By Nelly Umoren
The devastating effect of Coronavirus pandemic on women and girls across the globe is enormous in every sphere of life- health, economy, security and social protection.
Globally, most women work in the informal economy sector, earning less, saving less, but working hard and at greater risk of falling sick and into abject poverty despite their struggles. As markets fall and businesses close, most of them are out of job and businesses. Women’s jobs have disappeared leaving them hopeless with huge chunks of responsibility.
“At the same time as they are losing paid employment, folding market and businesses, women’s unpaid care work has increased as a result of school closures, husbands out of jobs and businesses; the increased needs of care and attention lies on women even looking after older relatives. These current states are putting women’s health at a high risk because a lot runs through their minds, thinking of how to cater for the entire family. These are always the challenges women face in combining these roles which always defeat women’s rights and deny women’s opportunities.”
Forced lockdowns and movement restrictions also mean that women’s suffering has doubled in terms of the risk of gender-based violence especially now that everyone is being trapped at home with their abusers. Now that social support services are disrupted or inaccessible, most women are at risk- risk of accessing health care services managing their ill health, that of the children, the elderly and others in the family. No more access to protection or safe sex;access to life-saving sexual and reproductive health care is disrupted. They are vulnerable to abuses both physical and psychological trauma.
According to the UN secretary-general, COVID-19 is not only a challenge to global health systems, but also a test of our human spirit, and a better world must emerge following the pandemic.
“Gender equality and women’s rights are essential to getting through this pandemic together, to recovering faster, and to building a better future for everyone”, he said.
The UN chief has urged governments to put women and girls at the center of their recovery efforts, including by making them leaders and equally involved in decision-making.
“Measures to protect and stimulate the economy from cash transfers to credits and loans, must be targeted at women”, he stressed, adding that, “unpaid care work must be recognized and valued as a vital contribution to the economy”. A lot of the works women do at home are unpaid for.
‘Zero tolerance for domestic violence’
I wonder how issues of domestic violence will be addressed in the rural communities, Who do the abused report to and how do they seek redress, with the lockdown system which is controlled by our insecure security agencies taking advantage of the situation to brutalize citizen and violate human rights of citizens in the name of security and keeping to the role of stay at home exercised alias lucked down by government to avoid spread of COVID19.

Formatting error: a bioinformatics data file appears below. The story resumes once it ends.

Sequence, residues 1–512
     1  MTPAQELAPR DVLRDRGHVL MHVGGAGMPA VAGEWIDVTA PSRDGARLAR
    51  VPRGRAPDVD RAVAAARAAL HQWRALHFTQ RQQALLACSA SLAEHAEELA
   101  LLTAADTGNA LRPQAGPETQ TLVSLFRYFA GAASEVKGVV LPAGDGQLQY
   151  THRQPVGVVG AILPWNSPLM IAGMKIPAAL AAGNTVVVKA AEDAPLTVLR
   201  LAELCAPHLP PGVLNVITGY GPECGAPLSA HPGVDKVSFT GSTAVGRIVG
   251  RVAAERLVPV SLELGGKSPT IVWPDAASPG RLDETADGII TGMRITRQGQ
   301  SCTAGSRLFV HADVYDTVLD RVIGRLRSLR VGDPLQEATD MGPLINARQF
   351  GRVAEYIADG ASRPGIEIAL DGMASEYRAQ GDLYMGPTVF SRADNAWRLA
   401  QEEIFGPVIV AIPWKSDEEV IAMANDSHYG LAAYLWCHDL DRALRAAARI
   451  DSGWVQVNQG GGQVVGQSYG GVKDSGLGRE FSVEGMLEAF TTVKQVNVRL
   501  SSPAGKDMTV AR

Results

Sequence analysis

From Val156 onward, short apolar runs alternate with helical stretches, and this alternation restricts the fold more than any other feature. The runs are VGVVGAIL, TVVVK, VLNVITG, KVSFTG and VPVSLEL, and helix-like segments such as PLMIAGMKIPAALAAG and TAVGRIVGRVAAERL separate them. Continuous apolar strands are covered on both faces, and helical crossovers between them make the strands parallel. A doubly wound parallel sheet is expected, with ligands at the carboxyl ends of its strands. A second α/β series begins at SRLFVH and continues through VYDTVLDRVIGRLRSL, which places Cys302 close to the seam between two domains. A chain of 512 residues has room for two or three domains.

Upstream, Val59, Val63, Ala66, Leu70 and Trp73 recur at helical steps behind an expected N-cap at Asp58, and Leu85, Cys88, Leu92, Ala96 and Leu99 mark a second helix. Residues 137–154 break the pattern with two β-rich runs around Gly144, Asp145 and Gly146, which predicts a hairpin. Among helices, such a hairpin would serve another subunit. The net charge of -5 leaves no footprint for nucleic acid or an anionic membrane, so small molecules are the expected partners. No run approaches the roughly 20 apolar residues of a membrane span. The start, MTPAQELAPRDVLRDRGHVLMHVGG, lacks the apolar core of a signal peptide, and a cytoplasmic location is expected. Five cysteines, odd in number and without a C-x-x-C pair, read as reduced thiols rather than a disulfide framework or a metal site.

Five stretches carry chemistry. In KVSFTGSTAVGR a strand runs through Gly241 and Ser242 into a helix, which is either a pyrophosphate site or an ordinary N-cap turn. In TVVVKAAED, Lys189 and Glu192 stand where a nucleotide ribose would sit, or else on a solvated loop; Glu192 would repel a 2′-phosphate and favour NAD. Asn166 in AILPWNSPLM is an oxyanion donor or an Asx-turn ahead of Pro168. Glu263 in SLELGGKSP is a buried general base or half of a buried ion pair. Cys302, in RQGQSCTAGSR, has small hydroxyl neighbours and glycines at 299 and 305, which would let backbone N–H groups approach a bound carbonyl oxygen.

The aftermath of COVID19 on violence against women and girls will be enormous and the risk at which women are going to be impacted will be very high. How do we speak to abusers? How do we stop abused? How do we render help to victims with this current state of restriction of movement? It is pathetic looking at the pains, fears and hurts women and girls will go through at a time like this without a counselor and a confident.
Meanwhile, ambassadors from 124 UN Member States and Observers have answered the Secretary-General’s recent call to address the surge in domestic violence in the pandemic.These countries have committed to making prevention and redress of gender-based violence a key part of their national response plans.
“More than ever, there needs to be zero tolerance for domestic violence”, they wrote in a letter to the UN chief.They added that women are “not just victims” in the crisis but also play a major role in the COVID-19 response.
What about us here in the remote countries of Africa and our nation, Nigeria? Where are the modalities by which we are governed? No local or state responses talk less, national? If the bail-out funds get to states and local governments but fails to get to the communities and individual donations to the federal government to help reduce the effect are only heard of and not seen, how will the government think of responding to gender based violence when a basic need like food is not available in homes and not shared accordingly?
The issue of domestic violence may come as a result of scare resources at home, struggle for survival arising from anguish over inadequate food to sustain the family. Lack of water, light and denial of freedom can equally lead to violence.
High rate of criminality is already being experienced in some parts of the country like Lagos; there are cries of hunger and anger and expectedly, suicide –mental health issues, will be high.
“Nearly 70 per cent of frontline health and social workers are women. Women also shoulder a disproportionate share of unpaid care work and they are critical actors in the sustainable development of all countries”. It is therefore pertinent that women are included in all response and recovery decisions considering their roles and responsibilities so that the aftermath of COVID19 will be reduced on them.
This will answer to the UN Sec-General’s call that, “women’s leadership and contributions must be at the heart of Coronavirus resilience and recovery efforts”.